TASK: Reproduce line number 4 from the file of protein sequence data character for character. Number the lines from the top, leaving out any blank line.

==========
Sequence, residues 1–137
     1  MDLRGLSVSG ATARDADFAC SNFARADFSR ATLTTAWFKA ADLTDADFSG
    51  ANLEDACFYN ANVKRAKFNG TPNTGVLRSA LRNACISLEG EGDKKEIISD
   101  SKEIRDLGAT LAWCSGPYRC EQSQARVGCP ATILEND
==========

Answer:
   101  SKEIRDLGAT LAWCSGPYRC EQSQARVGCP ATILEND